Infoscience

Conference paper

Modeling the fluid dynamics of the heart: from blood flows in idealized left ventricles to patient-specific aortic valve simulations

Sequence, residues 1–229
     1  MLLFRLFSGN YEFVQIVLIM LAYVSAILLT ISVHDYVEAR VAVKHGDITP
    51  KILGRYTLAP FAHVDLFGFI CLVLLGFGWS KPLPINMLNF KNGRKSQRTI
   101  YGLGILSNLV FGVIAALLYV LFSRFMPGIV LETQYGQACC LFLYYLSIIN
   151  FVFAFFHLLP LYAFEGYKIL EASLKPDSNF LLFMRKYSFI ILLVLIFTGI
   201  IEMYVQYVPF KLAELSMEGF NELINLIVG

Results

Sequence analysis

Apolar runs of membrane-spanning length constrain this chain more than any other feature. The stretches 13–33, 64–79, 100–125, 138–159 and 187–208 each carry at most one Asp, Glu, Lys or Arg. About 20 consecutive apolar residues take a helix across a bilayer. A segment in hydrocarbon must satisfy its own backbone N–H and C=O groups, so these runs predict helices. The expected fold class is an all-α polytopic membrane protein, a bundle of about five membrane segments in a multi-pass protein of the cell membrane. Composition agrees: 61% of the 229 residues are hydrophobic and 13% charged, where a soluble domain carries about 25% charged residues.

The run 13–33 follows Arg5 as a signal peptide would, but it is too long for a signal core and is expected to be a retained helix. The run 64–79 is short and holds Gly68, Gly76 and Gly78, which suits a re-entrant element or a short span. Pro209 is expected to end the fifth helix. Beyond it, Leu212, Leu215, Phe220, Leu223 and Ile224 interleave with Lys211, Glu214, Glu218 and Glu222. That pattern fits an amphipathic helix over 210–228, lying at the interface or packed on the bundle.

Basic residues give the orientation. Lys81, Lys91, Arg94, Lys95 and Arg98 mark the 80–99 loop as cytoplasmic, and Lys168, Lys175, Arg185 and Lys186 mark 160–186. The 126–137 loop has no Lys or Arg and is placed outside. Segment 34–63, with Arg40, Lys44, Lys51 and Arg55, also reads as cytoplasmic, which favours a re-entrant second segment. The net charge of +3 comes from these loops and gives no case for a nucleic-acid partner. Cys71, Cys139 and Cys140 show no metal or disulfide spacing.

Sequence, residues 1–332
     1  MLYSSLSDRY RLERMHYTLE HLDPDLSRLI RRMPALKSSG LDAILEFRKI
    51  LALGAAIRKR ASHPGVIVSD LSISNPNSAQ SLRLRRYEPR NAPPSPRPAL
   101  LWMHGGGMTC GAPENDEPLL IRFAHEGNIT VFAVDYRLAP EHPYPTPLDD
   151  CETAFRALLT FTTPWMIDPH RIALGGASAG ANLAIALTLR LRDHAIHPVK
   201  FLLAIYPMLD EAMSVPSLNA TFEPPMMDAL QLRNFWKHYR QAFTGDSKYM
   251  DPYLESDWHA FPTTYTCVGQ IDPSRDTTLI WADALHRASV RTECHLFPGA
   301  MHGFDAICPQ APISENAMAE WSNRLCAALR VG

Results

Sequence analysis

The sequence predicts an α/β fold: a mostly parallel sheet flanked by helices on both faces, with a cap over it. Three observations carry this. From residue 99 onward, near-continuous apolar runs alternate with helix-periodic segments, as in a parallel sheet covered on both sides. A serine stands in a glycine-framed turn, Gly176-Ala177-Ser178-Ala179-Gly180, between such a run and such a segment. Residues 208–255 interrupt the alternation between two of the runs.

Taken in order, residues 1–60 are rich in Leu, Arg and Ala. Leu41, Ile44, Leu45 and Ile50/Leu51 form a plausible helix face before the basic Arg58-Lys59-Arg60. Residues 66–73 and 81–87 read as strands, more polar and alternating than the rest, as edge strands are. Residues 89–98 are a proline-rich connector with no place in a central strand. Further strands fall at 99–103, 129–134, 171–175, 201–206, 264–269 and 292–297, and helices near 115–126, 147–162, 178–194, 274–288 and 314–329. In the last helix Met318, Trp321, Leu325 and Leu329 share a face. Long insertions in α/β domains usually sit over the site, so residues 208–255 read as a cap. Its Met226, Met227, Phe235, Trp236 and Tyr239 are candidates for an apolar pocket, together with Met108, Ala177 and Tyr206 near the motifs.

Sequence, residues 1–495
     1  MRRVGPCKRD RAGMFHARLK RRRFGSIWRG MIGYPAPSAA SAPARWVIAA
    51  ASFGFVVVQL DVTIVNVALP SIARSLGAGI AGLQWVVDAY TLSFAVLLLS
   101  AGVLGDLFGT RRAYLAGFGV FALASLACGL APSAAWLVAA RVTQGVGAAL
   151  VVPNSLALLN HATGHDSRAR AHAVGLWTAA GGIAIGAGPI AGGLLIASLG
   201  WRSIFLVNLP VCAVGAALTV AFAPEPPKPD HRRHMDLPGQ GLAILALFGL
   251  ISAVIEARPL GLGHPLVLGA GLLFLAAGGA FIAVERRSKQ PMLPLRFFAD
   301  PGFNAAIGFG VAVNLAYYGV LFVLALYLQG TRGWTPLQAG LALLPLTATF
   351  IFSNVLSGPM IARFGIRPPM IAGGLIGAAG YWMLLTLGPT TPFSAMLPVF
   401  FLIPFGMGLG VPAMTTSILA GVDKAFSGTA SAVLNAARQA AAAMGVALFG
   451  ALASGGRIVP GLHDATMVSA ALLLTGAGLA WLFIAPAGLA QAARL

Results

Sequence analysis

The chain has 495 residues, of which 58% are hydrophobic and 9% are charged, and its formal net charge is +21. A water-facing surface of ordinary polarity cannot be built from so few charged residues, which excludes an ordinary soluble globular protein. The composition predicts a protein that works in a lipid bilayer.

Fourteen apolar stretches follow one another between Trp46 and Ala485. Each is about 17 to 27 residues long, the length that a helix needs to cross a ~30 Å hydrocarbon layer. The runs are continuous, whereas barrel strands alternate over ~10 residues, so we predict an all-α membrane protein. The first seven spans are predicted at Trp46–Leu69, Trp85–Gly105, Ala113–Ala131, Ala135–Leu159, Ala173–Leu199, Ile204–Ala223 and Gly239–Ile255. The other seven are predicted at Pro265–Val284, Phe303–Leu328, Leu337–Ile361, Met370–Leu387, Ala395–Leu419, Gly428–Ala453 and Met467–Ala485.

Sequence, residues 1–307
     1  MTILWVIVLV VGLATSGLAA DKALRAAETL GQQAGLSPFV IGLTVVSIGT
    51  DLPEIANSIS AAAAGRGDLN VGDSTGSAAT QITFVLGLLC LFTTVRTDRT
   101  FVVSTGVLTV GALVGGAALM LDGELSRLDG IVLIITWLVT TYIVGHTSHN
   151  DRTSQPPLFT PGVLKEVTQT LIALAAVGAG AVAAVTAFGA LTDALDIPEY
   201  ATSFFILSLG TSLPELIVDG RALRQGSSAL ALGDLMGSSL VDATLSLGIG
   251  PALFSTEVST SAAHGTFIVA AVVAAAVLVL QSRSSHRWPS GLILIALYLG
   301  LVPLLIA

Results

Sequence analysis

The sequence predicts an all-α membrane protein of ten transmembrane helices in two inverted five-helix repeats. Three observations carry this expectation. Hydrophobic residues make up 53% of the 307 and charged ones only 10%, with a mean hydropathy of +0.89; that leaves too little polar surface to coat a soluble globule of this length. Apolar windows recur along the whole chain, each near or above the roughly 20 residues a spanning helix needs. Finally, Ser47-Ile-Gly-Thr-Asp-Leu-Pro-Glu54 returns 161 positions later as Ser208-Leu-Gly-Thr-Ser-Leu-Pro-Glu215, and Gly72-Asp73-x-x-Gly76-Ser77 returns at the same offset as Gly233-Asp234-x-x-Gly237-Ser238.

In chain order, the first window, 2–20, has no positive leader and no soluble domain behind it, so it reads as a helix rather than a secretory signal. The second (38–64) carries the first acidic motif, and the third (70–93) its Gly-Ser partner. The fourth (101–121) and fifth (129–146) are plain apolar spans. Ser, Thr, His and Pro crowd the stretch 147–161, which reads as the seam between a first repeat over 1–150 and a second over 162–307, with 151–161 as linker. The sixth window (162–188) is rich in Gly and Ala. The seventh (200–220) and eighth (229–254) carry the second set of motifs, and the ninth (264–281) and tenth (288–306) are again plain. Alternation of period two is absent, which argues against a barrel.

The computational fluid dynamics of the heart represents a challenging task both in terms of mathematical and numerical modeling; this is mainly due to the pulsatile nature of the blood flow, to its complex interaction with the valves, and, more in general, to the reciprocal action of the components responsible for the heart functioning. Even if one focuses on the study of the left ventricle, the blood flow patterns result to be significantly dependent on the mechanical contraction and relaxation of the muscle, on the conformation of the chamber, and on the interaction with the valves, which define a complex fluid-structure interaction problem. In this respect, also the blood flow in the aorta, and hence in the downstream circulation, is strongly affected by the aortic valve, whose behavior should be suitably mathematically and numerically modeled. In this work, we firstly focus on the study of the fluid dynamics inside the left ventricle in idealized configurations, for which we propose a mathematical model based on the Navier-Stokes equations endowed with mixed, time-dependent boundary conditions, which allow a simplified treatment of the aortic and mitral valves’ behavior. In this idealized setting, we perform numerical simulations which highlight the role and influence of modeling the valves to study and characterize the blood flow patterns inside the ventricle, as well as other parameters of clinical relevance. In addition, we consider a reduced, patient-specific fluid-structure-interaction model for the simulation of the blood flow through the aortic valve. Specifically, we propose an efficient coupled model which represents the valve dynamics by means of a zero-dimensional (0D) equation with the opening angle as primitive variable, while the blood flow by means of the full 3D Navier-Stokes equations. In this coupled model, the valve’s leaflets, which are reconstructed from MRI data of the open and closed configurations for a specific patient, influence the Navier-Stokes equations by means of resistive immersed surfaces, whose position depends on the opening angle of the valve. Moreover, the dynamics of the valve described by the 0D model is dependent on the velocity and pressure variables, specifically on the pressure jump and the flow rate through the valve itself. We per form patient-specific numerical simulations of the aortic valve based on this reduced 3D-0D model, for which we highlight its ability to correctly capture the fluid dynamics indicators expected for the patient.

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